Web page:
This November, Iakoiehwáhtha (Iako) Patton received a Rhodes Scholarship, a prestigious award that will allow her to study at Oxford University. Patton is a fourth-year U of T undergraduate student from the Kanien’kehá:ka community who studies art history and anthropology with a minor in Renaissance studies. She is among the 11 Canadian recipients of the scholarship for 2023.
The Rhodes Scholarship, which is administered by the Rhodes Trust, is the oldest international scholarship program. The scholarship was established in 1902 through the will of Cecil John Rhodes, which devoted most of Rhodes’ fortune to the program. According to the Rhodes Trust, the scholarship aims to “identify young leaders from around the world who, through the pursuit of education together at Oxford, would forge bonds of understanding and fellowship for the betterment of mankind.”
Interest in art history
Patton’s research interests lie in fifteenth to seventeenth century Netherlandish Art. In an interview with The Varsity, Patton said that her interest developed “in part because I took a bunch of classes by [U of T art history professor] Ethan Matt Kavaler, and he really cultivated my love for that specific period of art history.”
This appreciation extends both ways: in an email to The Varsity, Kavaler wrote, “Iako Patton is one of the most gifted students I have had the privilege of teaching in over 25 years at the University of Toronto. Patton has a keen mind and an unusual skill at parsing abstract arguments.”
One of Patton’s favourite works is Hieronymous Bosch’s “The Garden of Earthly Delights.” Bosch’s painting is a Netherlandish triptych, a three-panelled altarpiece. “If it’s a good triptych, it has a fantastic crazy hell panel,” said Patton, referring to the right-most panel of the triptych.
Patton also works as a research assistant for St Michael’s College Professor Reid Locklin, researching Indigenous art history for the resource website Teaching and Learning as Treaty Peoples. Her work for the website sits “at the intersections of art history, Christianity, coloniality, and Indigeneity.” In an email to The Varsity, Locklin wrote, “I can think of few other students more worthy to be honoured as a Rhodes Scholar.”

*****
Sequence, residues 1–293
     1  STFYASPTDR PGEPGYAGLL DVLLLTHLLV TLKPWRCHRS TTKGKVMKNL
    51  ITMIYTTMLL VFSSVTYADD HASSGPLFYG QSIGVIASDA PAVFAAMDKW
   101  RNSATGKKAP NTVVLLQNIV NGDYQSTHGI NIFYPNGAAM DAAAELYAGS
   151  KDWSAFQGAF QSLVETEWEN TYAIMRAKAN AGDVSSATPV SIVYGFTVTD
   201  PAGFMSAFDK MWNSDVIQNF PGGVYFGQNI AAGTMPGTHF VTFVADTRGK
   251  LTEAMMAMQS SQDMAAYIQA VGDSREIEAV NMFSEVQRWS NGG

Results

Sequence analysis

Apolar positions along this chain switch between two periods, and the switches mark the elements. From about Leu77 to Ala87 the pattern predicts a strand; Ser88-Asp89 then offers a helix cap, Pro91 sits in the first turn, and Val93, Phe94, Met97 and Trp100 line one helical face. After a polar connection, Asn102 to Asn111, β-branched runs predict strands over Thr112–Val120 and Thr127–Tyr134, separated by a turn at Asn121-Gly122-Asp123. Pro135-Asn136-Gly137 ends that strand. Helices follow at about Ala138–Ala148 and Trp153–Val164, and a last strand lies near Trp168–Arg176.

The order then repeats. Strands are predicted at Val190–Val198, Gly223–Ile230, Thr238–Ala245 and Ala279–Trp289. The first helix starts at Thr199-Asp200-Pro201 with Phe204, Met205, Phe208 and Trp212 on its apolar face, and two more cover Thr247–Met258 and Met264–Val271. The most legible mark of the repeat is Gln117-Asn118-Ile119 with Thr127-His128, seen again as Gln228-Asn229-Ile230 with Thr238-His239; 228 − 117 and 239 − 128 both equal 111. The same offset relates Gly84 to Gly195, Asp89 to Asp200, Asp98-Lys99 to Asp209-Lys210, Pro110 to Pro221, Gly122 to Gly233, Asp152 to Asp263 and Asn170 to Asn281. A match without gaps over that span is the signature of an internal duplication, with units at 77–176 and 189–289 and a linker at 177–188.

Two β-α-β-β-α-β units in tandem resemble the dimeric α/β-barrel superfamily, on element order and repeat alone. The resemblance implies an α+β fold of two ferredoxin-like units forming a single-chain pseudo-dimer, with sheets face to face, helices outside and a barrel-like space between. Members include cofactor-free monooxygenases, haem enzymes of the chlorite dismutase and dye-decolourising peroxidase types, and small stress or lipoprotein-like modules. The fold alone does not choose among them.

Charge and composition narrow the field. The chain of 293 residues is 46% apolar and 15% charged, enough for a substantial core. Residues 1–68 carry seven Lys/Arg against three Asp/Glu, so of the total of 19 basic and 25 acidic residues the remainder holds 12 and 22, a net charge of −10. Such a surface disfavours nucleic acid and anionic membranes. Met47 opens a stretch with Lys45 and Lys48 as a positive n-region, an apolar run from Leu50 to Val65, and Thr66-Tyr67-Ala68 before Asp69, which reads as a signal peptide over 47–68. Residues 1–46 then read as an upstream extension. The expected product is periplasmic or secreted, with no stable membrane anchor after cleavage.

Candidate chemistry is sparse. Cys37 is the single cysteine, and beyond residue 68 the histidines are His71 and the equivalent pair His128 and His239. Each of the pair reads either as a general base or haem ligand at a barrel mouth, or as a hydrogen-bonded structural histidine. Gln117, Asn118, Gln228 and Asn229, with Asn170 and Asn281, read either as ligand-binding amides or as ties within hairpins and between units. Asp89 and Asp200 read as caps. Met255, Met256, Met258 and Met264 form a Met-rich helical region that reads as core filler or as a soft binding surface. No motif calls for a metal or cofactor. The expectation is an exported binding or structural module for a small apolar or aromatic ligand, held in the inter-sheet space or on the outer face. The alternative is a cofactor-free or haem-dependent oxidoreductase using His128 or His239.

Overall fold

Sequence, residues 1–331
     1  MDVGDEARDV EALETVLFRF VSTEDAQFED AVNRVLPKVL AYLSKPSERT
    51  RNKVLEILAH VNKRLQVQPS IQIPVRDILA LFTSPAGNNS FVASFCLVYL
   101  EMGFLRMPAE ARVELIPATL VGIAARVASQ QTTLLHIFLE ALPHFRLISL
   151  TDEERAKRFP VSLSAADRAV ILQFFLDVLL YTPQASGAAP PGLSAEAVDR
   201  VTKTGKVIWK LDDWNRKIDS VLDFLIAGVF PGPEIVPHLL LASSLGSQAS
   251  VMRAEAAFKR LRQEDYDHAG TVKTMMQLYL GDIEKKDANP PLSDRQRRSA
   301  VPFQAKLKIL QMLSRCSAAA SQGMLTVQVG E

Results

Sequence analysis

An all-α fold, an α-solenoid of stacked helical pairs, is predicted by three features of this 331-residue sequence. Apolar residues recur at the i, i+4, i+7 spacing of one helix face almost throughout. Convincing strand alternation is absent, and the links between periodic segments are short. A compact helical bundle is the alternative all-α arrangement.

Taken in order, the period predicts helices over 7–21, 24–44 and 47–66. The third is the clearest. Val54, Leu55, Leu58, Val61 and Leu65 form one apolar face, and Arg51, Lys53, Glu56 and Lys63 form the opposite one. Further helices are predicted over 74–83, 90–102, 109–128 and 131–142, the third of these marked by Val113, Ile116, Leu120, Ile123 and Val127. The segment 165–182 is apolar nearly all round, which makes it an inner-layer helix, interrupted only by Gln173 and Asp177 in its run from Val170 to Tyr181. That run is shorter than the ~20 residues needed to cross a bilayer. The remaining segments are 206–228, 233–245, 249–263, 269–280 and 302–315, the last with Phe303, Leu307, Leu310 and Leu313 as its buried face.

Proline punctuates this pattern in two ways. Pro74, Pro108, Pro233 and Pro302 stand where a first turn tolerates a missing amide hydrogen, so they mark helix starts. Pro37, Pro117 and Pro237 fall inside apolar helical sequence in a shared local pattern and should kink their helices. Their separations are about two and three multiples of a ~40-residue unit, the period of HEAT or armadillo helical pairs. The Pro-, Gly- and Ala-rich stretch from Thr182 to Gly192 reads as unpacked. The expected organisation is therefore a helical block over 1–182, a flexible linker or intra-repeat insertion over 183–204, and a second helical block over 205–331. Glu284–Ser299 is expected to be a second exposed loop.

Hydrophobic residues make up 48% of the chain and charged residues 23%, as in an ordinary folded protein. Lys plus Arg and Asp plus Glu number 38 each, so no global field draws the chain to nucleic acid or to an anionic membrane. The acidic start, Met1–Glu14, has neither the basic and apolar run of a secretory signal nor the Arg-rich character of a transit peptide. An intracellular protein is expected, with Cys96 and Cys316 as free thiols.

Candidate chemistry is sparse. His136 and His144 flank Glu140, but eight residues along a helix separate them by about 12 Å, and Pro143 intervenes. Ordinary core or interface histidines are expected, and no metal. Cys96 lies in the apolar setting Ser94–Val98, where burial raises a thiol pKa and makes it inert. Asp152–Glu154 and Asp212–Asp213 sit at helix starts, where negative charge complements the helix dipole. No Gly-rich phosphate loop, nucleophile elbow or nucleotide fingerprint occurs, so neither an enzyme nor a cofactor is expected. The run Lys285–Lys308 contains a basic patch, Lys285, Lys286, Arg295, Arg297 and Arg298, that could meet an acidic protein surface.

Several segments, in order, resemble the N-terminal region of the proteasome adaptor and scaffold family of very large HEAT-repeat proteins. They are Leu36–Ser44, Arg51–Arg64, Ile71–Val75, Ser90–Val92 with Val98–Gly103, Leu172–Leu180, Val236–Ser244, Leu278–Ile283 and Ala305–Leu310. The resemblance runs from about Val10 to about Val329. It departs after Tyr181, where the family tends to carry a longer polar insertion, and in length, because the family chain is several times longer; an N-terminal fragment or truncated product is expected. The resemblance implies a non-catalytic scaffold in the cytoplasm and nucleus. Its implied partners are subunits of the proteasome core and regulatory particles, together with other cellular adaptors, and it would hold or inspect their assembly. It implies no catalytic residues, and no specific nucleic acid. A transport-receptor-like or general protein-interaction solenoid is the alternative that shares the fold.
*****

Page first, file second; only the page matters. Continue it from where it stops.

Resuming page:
Patton is heavily involved with U of T’s Art History Department. She is the president of the History of Art Students’ Association, a position that has garnered praise from professors. “As president of the History of Art Students’ Association, she has been a terrific ambassador for our discipline and has contributed to the flourishing of our undergraduate program,” wrote Joseph Clarke in an email to The Varsity. Clarke is the Assistant Chair of the Department of Art History.
Last summer, Patton took a summer abroad course run by the chair of the Department of Art History, Professor Giancarla Periti. In an email to The Varsity, Periti wrote, “Iako’s intellectual curiosity and questions helped to generate interesting conversations. As a teacher, it was a real pleasure to have such a remarkably gifted student as Iako in the course.”
Outside of academia
In the future, Patton hopes to travel and pursue a PhD. “I want to go to every major museum in Europe,” said Patton. “There are so many places I want to go, and if I can do that with research intent, even better!”
Even outside of the classroom, Patton loves art, and particularly tattoos. “My hot take is that tattoo culture should be part of the art historical canon,” she said. Her goal is to get a tattoo in every city she visits while travelling abroad; when in Paris, she received a tattoo of Remy the rat from Disney’s Ratatouille.
Patton also loves to weight lift at the Hart House Gym. Currently, her deadlift maximum is 225 lbs. During the pandemic, she took up the form of exercise and it has become an important part of her life.
Outside of her research, Patton helped plan the past two annual Campus (Re)conciliations Conferences. According to the Victoria College website, the Victoria College-run conference “provides a space to listen to Indigenous leaders, community members, and students speak about their research, reflections, and experiences.” Patton is also involved in this year’s conference, which is scheduled for March 23.